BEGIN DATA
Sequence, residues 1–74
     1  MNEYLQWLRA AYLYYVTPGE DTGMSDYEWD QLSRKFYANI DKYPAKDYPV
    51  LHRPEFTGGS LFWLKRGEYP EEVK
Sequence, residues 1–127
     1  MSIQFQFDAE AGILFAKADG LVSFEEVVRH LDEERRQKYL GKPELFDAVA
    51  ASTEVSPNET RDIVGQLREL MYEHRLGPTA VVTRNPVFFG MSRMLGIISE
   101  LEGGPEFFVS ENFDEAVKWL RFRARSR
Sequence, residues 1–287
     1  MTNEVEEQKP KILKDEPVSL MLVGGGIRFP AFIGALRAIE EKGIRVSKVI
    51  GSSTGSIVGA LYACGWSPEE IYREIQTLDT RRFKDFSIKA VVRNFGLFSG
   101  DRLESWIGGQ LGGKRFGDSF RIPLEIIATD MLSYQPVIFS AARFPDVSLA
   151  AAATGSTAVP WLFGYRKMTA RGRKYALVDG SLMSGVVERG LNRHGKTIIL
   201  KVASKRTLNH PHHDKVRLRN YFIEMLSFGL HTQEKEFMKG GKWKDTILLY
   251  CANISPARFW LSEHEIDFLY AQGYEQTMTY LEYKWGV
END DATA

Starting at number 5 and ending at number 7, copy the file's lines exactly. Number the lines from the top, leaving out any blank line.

     1  MSIQFQFDAE AGILFAKADG LVSFEEVVRH LDEERRQKYL GKPELFDAVA
    51  ASTEVSPNET RDIVGQLREL MYEHRLGPTA VVTRNPVFFG MSRMLGIISE
   101  LEGGPEFFVS ENFDEAVKWL RFRARSR